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Stamping to Tapping Feet: How the Geneva Method Invites Two-Year-Olds to Step Up

Terrible twos?

Terrific twos!

The tiniest of scholars may have a reputation for tantrums, yet the professionals at Geneva Day School (GDS) see promise in stamping feet.

“Starting preschool is a big developmental milestone for a toddler,” acknowledges Mrs. Porras, a passionate GDS Teacher of Twos. As these students experience ”their first separation from home,” they achieve - also for a first time - “social skills and confidence,” she explains.

Soon, frequent embraces designed to reassure the newly arrived give way to interactions of exploration and inquiry.
“Would you like to buckle your shoe?”
“What might you say to your friend?”
“How many balls do we count?”

Mrs Porras Class in Music Lessons

Geneva Method from the Children’s Perspective

These questions can only be answered by the young scholars who are honored for their emerging sense of self. “Meeting children at their level” is how Director Lizama describes the Geneva Method which “fosters the desire to explore,” an approach she has enacted throughout her nearly two decade tenure as a teacher within the school and that she continues to impart today from the helm.

In so doing, the school revels in a warm and nurturing environment where “learning occurs through play” says Mrs. Porras. Her own early childhood insights are deepened through having taught
Kindergarten at the school. Well-versed in the Geneva Method, she guides pre-academic learning by placing student-interests first.

Two-year-olds learn “seasons, dressing for the weather, days of the week, and holiday celebrations” explains Mrs. Porras. Attuned to student fondness for dinosaurs, under-the-sea creatures, and
transportation, she introduces new subjects through thematically meaningful props.

Of equal importance are “the students’ fine motor skills (which) develop through activities like creating crafts with crumpled tissue paper, mosaics of construction paper, lacing wooden figures, and ripping paper,” says Mrs. Porras. Irresistible materials, presented within the context of a story or theme, serve as exciting introduction to paints, paper, crayons, and eventually scissors.
“All this is quite a work-out for those little hands!” she exclaims.

Mrs Porras Student Manipulates and Improves Fine Motor Skills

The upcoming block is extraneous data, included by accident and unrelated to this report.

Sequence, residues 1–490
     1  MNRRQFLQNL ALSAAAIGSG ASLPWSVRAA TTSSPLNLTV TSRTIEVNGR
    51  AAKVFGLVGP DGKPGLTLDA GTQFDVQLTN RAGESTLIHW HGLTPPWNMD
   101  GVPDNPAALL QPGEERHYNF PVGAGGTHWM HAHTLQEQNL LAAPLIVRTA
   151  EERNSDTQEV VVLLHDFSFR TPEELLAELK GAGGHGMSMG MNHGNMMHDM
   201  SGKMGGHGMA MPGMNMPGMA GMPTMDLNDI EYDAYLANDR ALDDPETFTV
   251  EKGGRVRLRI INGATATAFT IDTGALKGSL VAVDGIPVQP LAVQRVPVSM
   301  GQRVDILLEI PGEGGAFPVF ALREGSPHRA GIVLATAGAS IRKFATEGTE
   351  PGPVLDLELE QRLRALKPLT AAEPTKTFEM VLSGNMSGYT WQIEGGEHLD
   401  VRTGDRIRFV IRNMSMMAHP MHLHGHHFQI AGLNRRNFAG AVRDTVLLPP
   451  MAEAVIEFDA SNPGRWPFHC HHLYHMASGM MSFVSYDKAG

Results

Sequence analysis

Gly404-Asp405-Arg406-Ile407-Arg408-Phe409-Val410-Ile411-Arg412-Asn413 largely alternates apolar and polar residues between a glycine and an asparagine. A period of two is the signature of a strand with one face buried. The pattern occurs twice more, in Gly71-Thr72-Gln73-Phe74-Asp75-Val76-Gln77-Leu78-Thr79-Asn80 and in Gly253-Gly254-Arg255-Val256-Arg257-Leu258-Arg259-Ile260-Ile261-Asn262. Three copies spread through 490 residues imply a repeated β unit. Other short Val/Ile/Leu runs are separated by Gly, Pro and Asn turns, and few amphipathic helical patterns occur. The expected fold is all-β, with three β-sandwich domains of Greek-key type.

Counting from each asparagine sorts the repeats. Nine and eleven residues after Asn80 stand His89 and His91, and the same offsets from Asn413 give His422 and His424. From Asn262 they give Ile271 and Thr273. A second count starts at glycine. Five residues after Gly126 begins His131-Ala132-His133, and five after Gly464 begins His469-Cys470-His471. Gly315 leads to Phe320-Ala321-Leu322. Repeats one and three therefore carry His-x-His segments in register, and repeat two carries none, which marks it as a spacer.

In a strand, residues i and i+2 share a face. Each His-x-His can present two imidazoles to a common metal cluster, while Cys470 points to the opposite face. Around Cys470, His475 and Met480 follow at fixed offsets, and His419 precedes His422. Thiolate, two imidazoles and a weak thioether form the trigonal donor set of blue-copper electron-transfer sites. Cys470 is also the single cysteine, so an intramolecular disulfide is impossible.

Geneva Method from the Teachers' Perspective

Like all GDS teachers, Mrs. Porras’s ensures that student output is honored through ever-evolving bulletin boards. Collaged butterflies (what symmetry!) and hand-cut snowflakes (what pattern!)
glimmer above the Lilliputian landscape of her classroom.

The Geneva Method encourages staff to act on inspiration; Mrs. Porras feels cheered when engaging her aesthetic sense to shape her domain. Small tables and chairs create the contours of welcome.

Lamps cast soft light. Carpets invite circle-gatherings. Coves of cubbies inspire scholars to “put things away.” Any who spend time within a GDS classroom remark on the gentle profusion of color and a sense of proportion. Such enchantment enfolds the youngest scholars with warmth and inducement to mature.

“The children learn routines and structure like sitting at the table, eating by themselves, and putting on coats,” describes Mrs. Porras. Through routine, comes responsibility. Class plants require tending by student-botanists, just as pets (such as academically-inclined fish; they always travel in schools!) receive daily feedings under teacher-supervision. Scholars feel the call to help, participate, and become custodians of their classroom.

“(These) early childhood experiences are important because they provide the foundation for all future learning, behavior and health,” states Director Lizama. In little time, two-year-old scholars feel
comfortable coming to school and engaging in a GDS day. Such early, positive experience springboards them into academic careers that take place with confidence.

Mrs Porras Students Make a Joyful Bulletin Board